Ahhay M. Naik, J.
This writ petition under Article 226 of the Constitution of India has been preferred against the warrant of authorization dated 11.06.2007 issued under Section 132A(1) of the Income Tax Act, 1961, whereby respondent No. 1 requisitioned the amount of Rs. 26,00,000/- seized from petitioner No. 2 by Police Station In-charge, Chandan Nagar Police Station, Indore.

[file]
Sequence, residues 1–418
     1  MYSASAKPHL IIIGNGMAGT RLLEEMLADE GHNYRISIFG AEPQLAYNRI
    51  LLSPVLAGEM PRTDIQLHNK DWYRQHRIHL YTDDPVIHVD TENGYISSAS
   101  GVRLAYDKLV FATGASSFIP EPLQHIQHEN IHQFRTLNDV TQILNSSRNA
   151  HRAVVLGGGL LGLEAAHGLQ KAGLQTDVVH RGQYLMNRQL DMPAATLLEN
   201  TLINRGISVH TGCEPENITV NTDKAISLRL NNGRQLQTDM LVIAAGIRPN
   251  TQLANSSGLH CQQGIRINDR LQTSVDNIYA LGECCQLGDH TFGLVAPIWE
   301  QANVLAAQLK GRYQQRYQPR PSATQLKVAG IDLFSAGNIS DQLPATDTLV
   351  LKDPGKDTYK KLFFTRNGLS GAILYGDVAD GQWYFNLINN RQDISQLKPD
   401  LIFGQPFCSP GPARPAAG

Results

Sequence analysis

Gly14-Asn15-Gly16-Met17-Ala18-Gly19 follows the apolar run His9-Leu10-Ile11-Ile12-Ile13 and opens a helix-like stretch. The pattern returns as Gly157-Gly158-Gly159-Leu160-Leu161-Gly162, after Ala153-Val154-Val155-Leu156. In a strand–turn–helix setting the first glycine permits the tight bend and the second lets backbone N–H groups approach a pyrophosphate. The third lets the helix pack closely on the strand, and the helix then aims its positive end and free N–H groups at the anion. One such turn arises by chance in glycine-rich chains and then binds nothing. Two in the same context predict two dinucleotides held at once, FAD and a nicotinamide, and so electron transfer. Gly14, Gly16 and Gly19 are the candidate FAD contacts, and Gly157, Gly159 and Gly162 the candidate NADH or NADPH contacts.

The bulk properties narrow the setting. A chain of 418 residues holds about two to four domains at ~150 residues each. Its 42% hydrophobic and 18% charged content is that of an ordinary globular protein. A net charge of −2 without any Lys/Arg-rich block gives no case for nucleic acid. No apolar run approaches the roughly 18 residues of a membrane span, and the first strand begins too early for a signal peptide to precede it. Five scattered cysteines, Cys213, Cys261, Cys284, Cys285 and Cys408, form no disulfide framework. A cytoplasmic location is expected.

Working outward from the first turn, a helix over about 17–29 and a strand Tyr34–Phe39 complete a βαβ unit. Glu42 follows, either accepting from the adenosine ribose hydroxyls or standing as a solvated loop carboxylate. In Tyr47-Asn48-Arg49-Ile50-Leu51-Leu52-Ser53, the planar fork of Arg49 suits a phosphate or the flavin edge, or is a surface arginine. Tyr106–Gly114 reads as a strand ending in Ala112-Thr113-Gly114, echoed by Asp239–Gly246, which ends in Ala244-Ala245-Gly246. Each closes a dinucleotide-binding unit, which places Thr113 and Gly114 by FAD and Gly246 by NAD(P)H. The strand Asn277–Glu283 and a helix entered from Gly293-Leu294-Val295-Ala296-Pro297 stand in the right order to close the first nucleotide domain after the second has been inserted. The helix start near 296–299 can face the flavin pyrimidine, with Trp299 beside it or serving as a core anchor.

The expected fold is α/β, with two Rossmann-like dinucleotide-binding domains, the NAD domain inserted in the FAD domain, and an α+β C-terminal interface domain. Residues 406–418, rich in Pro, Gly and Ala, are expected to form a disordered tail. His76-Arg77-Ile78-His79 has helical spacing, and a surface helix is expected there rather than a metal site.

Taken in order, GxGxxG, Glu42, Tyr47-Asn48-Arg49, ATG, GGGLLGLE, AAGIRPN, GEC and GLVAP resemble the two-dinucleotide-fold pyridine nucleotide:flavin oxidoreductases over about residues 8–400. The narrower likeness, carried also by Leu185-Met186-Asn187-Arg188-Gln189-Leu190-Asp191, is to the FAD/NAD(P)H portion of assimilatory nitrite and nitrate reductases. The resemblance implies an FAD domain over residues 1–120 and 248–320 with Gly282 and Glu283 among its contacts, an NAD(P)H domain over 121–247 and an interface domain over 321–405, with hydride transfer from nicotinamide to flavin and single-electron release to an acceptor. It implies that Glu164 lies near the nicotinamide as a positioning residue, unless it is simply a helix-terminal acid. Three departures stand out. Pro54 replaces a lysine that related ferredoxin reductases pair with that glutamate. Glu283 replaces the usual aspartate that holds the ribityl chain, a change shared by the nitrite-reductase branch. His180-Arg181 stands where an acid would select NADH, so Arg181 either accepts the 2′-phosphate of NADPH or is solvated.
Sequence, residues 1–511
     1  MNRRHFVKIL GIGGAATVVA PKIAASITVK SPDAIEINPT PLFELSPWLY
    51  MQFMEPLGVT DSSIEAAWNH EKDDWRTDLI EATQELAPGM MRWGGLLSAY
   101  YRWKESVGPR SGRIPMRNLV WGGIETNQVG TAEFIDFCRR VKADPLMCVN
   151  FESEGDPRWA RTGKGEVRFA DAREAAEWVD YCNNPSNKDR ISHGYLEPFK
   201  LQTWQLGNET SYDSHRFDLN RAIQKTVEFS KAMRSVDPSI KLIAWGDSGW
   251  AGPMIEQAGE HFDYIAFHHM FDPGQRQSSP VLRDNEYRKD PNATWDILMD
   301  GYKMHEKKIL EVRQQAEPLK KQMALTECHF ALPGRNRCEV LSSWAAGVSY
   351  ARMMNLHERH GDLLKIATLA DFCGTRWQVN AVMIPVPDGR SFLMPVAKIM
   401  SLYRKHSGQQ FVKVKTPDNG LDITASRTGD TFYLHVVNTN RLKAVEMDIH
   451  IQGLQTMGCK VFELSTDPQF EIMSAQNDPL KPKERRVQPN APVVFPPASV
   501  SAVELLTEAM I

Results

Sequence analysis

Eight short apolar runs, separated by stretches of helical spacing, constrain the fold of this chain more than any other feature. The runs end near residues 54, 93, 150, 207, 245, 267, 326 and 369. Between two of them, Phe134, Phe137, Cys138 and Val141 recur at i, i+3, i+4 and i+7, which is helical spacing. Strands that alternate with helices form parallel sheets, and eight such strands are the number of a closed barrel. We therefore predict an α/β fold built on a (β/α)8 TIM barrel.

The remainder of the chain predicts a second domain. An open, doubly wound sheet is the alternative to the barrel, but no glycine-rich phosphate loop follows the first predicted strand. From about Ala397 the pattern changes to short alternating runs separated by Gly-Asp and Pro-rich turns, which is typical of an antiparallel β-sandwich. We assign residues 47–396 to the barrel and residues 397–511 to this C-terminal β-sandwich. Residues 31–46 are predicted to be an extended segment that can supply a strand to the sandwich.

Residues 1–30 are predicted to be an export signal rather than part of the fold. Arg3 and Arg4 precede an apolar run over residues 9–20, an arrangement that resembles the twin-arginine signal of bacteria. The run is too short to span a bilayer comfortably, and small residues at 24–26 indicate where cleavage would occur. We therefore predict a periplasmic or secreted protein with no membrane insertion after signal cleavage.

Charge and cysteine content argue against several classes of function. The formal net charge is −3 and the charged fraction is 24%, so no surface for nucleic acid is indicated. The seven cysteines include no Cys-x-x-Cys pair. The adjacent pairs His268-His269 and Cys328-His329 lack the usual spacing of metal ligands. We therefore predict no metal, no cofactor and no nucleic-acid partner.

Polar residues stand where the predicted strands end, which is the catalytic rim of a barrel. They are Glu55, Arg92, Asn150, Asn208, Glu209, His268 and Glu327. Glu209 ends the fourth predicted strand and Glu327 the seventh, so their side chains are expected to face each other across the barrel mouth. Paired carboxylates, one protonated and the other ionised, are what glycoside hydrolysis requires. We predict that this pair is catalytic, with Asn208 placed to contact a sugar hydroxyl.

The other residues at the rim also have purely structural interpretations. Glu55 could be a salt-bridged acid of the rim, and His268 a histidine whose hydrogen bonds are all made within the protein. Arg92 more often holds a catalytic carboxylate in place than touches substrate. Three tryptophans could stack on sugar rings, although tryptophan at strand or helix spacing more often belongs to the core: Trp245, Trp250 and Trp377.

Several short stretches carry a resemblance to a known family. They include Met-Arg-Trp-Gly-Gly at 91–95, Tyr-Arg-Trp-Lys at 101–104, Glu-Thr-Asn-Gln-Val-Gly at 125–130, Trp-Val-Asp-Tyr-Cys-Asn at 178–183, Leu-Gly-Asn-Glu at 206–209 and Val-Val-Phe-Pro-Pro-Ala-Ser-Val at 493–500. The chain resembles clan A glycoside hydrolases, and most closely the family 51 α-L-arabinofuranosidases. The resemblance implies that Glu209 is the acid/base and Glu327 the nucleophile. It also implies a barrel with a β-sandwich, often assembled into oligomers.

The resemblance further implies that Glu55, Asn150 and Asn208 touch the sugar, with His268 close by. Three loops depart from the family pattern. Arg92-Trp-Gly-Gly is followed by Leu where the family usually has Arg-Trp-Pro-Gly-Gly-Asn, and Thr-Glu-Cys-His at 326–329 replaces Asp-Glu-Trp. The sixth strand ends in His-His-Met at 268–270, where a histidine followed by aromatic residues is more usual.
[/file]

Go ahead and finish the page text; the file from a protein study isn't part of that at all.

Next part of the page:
2. Briefly stated relevant facts are that at about 2.45 AM on 10.06.2007, the City Superintendent of Police, Indore intimated telephonkally the ITO (Investigation) about the seizure by Police Station In-charge of Chandan Nagar Police Station, Indore of cash amount of Rs. 1,23,50,000/- from the possession of four persons on checking of luxury bus number MP-41 P-0150, which was scheduled to Ahmedabad from Indore. A request was made by the Income Tax Officer (Investigation), Indore to the Police Station In-charge of Chandan Nagar Police Station that the department has stated angrily with regard to the sources of seized amount and the same should not be released to any one until enquiry by the Income Tax Department is completed. A sum of Rs. 26,00,000/- was seized from the custody of petitioner No.2, whose statement was recorded on 10.06.2007 itself under Section 131 of the Income Tax Act, 1961 (hereinafter referred to as the IT Act). This petition relates to the authorization issued in respect of the said amount. Warrant of authorization was issued on 11.06.2007, which has been challenged in the present writ petition on the ground that the authority had no information in his possession to enable him to form a reason to believe that money seized from petitioner No.2 has not been or would not have been disclosed for the purposes of the IT Act.